high-rated companies. Be prepared to discuss the type of policy you want as
well as the coverage limits you require You may check insurance company ratings
at the following websites: www.ambest.com and
www.insure.com. If you find
you are in need of flood insurance, you may contact the National Flood
Insurance Program at (800) 638-6620 for a quote.
I am refinancing a condo (or
townhouse or PUD) and am aware that our HOA is currently in litigation with the
developer. Will I be able to refinance my mortgage?
A Homeowner's Association could leave itself
open for legal action if it doesn't act on legitimate building defects and
disclose these defects to all unit owners. However the fact that an association
is suing a developer can impact an owners ability to obtain financing. It is
vital to let your lender know up front if the development or project you live
in is in litigation. It is usually possible to obtain financing in such
situations, but it will limit the number of lenders who might be able to
finance your mortgage. In some cases the lender may require a higher percentage
of equity in the property and the interest rate could exceed that of standard
Should I lock my interest
rate at mortgage application or float the rate until closing?
The answer depends on one's outlook for interest
rates, whether you are satisfied with the current rate being offered (and would
not be deterred from proceeding if rates declined), when you need to close and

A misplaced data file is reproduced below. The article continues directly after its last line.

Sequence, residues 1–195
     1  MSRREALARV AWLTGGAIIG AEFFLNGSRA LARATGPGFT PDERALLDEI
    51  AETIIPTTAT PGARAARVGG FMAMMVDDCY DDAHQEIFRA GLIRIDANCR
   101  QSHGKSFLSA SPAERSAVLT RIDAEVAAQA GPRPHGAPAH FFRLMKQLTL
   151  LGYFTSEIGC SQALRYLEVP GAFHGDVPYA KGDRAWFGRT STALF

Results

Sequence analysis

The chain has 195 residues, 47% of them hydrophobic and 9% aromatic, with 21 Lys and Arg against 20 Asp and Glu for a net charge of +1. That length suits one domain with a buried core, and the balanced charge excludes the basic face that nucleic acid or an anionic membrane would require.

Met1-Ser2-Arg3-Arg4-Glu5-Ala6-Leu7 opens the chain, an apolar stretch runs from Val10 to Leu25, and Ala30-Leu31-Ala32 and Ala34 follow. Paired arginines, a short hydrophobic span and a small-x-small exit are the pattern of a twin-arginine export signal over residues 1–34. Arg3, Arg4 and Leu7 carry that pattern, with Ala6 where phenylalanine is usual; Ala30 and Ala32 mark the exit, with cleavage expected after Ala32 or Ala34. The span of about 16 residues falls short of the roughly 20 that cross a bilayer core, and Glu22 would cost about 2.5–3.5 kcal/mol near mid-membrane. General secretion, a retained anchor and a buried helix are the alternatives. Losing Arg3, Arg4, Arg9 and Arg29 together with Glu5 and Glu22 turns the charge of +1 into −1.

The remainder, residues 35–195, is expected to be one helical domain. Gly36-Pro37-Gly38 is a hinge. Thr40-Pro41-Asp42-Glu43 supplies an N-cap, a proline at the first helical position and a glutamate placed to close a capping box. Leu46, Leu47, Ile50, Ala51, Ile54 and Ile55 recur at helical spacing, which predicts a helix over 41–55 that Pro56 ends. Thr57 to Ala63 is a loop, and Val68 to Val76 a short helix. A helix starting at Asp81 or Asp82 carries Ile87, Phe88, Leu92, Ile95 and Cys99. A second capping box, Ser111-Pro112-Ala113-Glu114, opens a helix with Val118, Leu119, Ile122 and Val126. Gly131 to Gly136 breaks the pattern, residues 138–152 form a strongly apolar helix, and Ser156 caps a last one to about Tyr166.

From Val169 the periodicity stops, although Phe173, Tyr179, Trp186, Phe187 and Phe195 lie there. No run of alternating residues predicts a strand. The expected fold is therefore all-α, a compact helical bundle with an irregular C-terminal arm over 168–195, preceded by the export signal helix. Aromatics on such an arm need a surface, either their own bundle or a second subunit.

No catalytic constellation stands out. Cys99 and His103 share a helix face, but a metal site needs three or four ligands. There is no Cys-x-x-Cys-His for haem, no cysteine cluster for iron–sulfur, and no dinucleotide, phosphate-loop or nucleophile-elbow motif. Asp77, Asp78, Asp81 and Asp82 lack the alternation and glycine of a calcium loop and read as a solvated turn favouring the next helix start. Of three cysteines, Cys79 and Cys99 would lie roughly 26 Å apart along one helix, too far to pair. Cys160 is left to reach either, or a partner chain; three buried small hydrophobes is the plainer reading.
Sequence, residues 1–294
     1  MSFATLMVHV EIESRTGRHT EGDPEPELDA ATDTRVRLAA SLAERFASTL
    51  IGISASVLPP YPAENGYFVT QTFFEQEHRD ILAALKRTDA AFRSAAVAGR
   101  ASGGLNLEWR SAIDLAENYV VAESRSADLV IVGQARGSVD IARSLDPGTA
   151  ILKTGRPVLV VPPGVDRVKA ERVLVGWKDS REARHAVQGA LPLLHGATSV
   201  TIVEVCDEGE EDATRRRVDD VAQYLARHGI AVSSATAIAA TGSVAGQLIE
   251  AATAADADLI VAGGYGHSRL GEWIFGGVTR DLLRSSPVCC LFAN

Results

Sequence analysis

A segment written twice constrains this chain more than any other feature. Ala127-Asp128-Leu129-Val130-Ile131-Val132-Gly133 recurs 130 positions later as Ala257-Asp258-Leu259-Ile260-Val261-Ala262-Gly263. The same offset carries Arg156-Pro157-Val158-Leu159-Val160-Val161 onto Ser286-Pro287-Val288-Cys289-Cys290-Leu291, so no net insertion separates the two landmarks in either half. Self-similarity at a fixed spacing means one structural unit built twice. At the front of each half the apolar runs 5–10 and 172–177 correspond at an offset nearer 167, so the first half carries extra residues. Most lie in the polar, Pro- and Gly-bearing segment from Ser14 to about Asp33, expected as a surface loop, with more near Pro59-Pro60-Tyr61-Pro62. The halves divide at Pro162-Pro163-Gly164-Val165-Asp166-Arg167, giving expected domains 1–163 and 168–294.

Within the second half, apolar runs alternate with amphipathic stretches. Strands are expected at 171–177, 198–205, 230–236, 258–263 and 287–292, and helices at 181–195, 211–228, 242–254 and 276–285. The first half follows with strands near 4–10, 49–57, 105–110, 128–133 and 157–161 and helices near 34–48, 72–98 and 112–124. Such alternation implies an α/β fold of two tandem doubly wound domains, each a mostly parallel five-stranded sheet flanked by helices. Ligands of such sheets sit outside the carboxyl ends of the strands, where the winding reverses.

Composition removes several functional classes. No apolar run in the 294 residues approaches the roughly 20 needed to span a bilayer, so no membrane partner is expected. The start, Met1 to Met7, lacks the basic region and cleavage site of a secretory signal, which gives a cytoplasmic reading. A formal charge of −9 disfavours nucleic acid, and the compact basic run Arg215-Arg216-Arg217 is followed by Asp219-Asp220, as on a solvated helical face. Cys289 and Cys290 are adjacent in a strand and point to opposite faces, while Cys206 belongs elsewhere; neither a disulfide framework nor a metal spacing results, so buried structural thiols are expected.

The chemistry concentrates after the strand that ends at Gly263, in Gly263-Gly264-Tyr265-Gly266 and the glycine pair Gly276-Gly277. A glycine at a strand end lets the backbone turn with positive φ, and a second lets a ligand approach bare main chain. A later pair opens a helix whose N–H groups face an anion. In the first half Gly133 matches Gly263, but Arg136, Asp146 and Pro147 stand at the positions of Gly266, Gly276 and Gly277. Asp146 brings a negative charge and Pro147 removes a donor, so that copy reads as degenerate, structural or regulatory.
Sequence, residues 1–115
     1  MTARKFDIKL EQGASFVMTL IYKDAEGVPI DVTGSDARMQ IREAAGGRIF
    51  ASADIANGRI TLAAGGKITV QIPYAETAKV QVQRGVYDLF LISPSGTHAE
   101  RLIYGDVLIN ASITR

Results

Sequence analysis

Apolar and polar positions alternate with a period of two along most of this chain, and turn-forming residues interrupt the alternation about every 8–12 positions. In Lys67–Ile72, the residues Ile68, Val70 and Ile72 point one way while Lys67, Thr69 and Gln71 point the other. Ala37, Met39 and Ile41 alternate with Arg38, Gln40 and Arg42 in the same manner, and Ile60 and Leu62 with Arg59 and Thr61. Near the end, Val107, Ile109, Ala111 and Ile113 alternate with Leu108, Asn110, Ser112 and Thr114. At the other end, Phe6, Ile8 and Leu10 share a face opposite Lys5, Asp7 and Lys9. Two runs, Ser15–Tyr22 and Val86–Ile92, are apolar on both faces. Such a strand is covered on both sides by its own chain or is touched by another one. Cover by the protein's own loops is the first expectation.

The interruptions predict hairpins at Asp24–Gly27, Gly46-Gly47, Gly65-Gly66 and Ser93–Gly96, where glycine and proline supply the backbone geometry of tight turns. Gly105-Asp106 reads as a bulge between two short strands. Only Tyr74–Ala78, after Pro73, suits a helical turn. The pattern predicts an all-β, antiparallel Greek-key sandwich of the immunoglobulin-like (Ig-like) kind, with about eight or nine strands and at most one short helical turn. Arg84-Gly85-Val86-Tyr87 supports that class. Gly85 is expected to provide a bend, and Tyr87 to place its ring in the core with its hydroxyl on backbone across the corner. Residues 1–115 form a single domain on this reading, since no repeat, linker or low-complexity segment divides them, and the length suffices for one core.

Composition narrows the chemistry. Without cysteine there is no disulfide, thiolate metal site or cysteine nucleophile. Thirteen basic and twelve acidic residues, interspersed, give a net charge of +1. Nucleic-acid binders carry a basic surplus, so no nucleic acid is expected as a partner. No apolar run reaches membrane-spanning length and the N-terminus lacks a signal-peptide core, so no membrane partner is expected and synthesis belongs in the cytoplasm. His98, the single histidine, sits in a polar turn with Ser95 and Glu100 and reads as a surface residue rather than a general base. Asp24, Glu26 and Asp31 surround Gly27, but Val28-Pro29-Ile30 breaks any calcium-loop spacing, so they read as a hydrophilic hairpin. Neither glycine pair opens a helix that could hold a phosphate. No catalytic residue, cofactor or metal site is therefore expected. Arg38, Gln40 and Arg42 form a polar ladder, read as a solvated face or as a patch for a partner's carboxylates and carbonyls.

whether or not a rate increase could effect your ability to qualify for the
mortgage. With a purchase, there is a contractual obligation to close on a
specified date. With a refinance transaction, there is no such obligation to
close and therefore a refinance applicant could postpone closing for a more
favorable rate. Some lenders take the guesswork out of the process by allowing
borrowers to lock and then float the rate down one time during the mortgage
process. Typically a borrower is required to bring in a fee of ½-1% of
the mortgage amount which is then credited (or refunded) to them at closing. It
is a lock fee the lender requires to insure the transaction will in fact close.
Will the lender require a fee
to lock in my interest rate?
For a traditional 30-90 day rate lock, the
lender will not require the borrower to pay a lock fee, but for the privilege
of locking for a period beyond 90 days they may. Some lenders allow borrowers
to lock and then float the rate down one time during the mortgage process,
typically a borrower is required to bring in a fee of ½-1% of the
mortgage amount which is then credited (or refunded) to them at closing. It is
a lock fee the lender requires to insure the transaction will in fact close.
If I decide to lock my
interest rate and rates go down, will the lender give me the current lower
It depends upon the lender involved and how much
of a rate decline has occurred. Some lenders may re-price the mortgage at a
rate close to market if there has been a substantial rate decline (i.e. = or
>3/8%) and some may prefer that a mortgage is canceled rather than re-price
it at a market rate. Some lenders allow borrowers to lock and then float the
rate down one time during the mortgage process, typically a borrower is